The truth is that honey is made by honey bees from the nectar of flowers and plants, not pollen," said Bruce Boynton, CEO of the National Honey Board.
Firestone, Colorado (PRWEB) May 15, 2013
With confusion swirling in the news regarding honey’s sources and authenticity recently, the National Honey Board (NHB), a federal research and promotion board with the United States Department of Agriculture (USDA) oversight, wants to clarify any misconceptions surrounding this natural sweetener.
In a 2013 Attitude and Usage (A&U) study (1) , the NHB learned that when purchasing honey, consumers prefer for honey to be brilliantly clear and golden. Consumers also responded that they are increasingly likely to prefer honey that has pollen grains filtered out. The fact is, whether there is pollen in honey or not, it’s still honey.
“There has been some confusion about honey and honey filtration,” said Bruce Boynton, CEO of the National Honey Board. “The term ‘ultrafiltration’ has been misused in association with traditional filtration methods commonly used by many U.S. honey packers, leading some consumers to believe that any honey without pollen is not real honey. The truth is that honey is made by honey bees from the nectar of flowers and plants, not pollen.”
This is one of several myths that need clarification, according to the NHB. Harvesting honey is an ancient artisanal craft that is both an art and science. The honey bees gather nectar from flowering plants, and beekeepers collect honey from the beehives. The journey from harvesting to distributing honey is multifaceted. “The bees simply collect nectar, add a few enzymes and store it in the honeycomb. But all of the color, the flavor, the aroma, the antioxidants, whatever constituents are in the honey comes from the particular flower from which the nectar was collected,” said 40-year veteran beekeeper Gene Brandi.
There are more than 300 varietals of honey, ranging greatly in flavor and appearance. After the honey is removed from the beehive and extracted by a beekeeper, it is shipped off to a honey packer, who warms the honey and removes any foreign material or residue from the beehive, often including whatever pollens may have been introduced during the extraction process.
“The filtration process that we use is a tried and true method that’s been used in the industry for more than 50 years,” said Jill Clark, Vice President of Sales and Marketing for Dutch Gold Honey, a 66-year-old family owned and operated business based in Lancaster, Pa. “We warm the honey so it flows smoothly through our filters. Our filter press looks like a large accordion with many paper filters along the way. Honey goes through the paper filters, and this removes the foreign material or the pollen and any residue from the beehive, so that by the time it’s through the filter papers, the honey is clear and ready for bottling.”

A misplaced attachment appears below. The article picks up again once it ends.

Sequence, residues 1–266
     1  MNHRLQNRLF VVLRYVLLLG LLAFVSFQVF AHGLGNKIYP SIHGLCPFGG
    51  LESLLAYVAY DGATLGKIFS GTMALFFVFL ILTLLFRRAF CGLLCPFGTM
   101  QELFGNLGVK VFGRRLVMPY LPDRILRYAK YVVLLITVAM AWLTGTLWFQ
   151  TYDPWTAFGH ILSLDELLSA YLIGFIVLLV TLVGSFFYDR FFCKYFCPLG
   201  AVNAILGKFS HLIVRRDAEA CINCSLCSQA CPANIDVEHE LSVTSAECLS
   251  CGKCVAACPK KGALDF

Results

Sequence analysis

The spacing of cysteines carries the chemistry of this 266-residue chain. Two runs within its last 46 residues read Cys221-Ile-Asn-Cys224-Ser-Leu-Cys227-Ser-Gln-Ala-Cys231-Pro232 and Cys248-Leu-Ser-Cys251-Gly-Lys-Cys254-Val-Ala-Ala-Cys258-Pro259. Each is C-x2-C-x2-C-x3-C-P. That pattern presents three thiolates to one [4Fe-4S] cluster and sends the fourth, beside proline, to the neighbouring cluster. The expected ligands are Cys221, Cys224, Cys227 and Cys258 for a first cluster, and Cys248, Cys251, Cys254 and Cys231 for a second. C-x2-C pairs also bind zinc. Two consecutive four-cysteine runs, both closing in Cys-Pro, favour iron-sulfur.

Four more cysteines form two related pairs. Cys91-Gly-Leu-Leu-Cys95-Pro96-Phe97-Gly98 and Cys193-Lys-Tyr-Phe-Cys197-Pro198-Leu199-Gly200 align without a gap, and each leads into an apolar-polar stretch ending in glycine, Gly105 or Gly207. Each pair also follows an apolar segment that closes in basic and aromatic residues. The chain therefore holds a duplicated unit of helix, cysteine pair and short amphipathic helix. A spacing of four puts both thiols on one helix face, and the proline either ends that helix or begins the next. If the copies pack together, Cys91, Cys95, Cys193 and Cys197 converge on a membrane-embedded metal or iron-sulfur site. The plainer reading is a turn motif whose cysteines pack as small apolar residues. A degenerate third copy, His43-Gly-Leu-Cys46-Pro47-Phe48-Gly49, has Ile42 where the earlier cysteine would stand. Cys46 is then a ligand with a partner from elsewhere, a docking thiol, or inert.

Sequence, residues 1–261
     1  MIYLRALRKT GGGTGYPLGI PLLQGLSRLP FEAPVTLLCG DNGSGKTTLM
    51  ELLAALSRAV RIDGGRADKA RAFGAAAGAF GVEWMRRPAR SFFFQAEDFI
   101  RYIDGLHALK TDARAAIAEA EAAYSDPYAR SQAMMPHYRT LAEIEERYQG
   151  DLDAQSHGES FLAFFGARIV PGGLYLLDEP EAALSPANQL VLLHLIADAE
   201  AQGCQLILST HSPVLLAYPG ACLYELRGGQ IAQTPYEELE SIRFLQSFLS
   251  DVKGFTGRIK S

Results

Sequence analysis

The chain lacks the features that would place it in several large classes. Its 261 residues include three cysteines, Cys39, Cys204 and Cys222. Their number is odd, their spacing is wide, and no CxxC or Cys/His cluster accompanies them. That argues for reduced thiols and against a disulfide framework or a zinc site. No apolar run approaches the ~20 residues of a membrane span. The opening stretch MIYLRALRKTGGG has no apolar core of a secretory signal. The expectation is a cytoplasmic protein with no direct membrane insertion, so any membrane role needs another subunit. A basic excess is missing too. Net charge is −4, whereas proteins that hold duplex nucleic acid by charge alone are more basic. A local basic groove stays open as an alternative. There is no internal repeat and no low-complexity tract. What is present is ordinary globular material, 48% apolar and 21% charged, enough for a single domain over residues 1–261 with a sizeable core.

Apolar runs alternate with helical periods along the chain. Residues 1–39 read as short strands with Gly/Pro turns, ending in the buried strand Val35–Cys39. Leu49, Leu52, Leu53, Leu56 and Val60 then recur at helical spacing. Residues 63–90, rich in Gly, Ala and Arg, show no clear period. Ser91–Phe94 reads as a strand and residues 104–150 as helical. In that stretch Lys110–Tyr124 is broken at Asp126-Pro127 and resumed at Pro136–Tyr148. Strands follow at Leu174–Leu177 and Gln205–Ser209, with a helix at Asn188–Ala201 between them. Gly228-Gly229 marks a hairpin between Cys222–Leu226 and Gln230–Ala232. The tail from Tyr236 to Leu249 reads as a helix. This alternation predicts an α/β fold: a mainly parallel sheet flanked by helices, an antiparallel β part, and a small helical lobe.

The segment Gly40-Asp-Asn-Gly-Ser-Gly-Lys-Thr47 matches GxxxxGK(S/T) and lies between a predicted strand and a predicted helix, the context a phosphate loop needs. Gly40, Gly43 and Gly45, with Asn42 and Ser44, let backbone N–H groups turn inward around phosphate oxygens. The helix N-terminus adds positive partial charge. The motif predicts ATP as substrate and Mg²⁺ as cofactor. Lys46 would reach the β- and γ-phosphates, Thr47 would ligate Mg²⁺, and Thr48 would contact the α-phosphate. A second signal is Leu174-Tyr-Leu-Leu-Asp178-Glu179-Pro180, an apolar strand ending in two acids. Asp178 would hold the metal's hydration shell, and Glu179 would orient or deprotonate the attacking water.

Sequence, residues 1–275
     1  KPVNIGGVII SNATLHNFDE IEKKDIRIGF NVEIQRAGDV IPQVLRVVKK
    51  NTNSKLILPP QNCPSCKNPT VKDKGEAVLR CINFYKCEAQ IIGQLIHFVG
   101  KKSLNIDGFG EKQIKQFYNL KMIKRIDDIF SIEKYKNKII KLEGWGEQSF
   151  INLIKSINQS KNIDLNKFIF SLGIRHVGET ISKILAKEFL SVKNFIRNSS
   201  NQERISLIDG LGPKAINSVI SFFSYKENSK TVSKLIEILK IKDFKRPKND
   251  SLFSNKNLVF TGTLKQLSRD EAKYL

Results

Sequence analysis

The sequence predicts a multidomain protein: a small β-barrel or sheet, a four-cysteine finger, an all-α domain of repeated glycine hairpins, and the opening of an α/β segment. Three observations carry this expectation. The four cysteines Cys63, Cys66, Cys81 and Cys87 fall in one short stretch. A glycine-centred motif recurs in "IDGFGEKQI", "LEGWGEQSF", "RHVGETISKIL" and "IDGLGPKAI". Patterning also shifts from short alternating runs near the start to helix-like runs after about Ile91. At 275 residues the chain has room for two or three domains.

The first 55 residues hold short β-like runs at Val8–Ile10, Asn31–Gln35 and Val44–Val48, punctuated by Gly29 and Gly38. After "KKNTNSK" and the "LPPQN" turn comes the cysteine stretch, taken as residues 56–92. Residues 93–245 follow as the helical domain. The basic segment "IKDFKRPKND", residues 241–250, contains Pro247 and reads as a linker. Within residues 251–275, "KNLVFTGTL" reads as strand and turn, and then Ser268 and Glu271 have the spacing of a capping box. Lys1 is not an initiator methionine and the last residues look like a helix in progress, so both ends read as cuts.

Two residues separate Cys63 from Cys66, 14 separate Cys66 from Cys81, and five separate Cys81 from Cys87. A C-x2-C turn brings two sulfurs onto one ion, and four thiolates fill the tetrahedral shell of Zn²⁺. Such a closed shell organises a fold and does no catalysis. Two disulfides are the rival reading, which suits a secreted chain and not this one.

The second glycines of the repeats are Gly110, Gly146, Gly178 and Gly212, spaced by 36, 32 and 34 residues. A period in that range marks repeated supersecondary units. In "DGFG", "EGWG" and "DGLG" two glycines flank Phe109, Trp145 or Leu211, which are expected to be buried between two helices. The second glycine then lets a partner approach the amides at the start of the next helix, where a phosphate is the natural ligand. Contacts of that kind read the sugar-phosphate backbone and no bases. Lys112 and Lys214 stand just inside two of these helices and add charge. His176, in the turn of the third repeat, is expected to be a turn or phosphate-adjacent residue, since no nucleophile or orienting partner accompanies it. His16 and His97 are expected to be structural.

Honey is a natural product that contains just one ingredient: honey. The benefits of honey make it easily accessible for consumers to use in their daily lives. Honey is a whole food that has other uses outside of the culinary realm. As a carbohydrate, honey is a natural energy booster. With humectant properties, honey draws and retains moisture to help hydrate the skin. It is also recommended by the American Academy of Pediatrics and the World Health Organization as a natural cough suppressant in children after the age of one (2). NHB’s A&U study showed that among parents, 83 percent of current users and 75 percent of non-purchasers are likely to use honey as a cough suppressant, if suggested by their pediatrician’s office.
Dr. Ian Paul was the lead researcher of a study funded by the National Honey Board to prove honey is an effective natural cough suppressant. To learn more about the study, click here.
From May 15-29, test your honey knowledge on the NHB’s Facebook page with the chance to win prizes. The Sweet Truth Challenge sweepstakes plus “The Story of Honey” mini-documentary are available at StoryofHoney.com.
The National Honey Board is a federal research and promotion board under USDA oversight that conducts research, marketing and promotion programs to help maintain and expand markets for honey and honey products. These programs are funded by an assessment of one cent per pound on domestic and imported honey.
1. National Honey Board, Attitude & Usage Study, 2013. Phone survey of 501 households nationwide, which consisted of men and women between the ages of 21 and 74. Ketchum Global Research & Analytics designed and analyzed this phone survey, fielded by Braun Research. January 5-11, 2013. Margin of Error: +/- 4.4%
2. Department of Child and Adolescent Health. Cough and Cold Remedies for the Treatment of Acute Respiratory Infections in Young Children. Geneva, Switzerland: World Health Organization; 2001.